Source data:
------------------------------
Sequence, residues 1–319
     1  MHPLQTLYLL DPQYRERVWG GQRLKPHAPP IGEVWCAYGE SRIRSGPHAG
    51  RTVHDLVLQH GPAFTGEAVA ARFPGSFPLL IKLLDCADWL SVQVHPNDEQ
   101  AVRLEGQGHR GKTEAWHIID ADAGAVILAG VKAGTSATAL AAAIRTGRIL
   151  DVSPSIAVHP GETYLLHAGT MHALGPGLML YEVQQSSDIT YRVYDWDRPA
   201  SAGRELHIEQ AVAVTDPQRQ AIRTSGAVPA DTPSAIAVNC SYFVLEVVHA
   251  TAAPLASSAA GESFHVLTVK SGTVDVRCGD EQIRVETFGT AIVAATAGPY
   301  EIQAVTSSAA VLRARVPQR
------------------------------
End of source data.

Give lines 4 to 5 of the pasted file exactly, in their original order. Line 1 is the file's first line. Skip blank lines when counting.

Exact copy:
   101  AVRLEGQGHR GKTEAWHIID ADAGAVILAG VKAGTSATAL AAAIRTGRIL
   151  DVSPSIAVHP GETYLLHAGT MHALGPGLML YEVQQSSDIT YRVYDWDRPA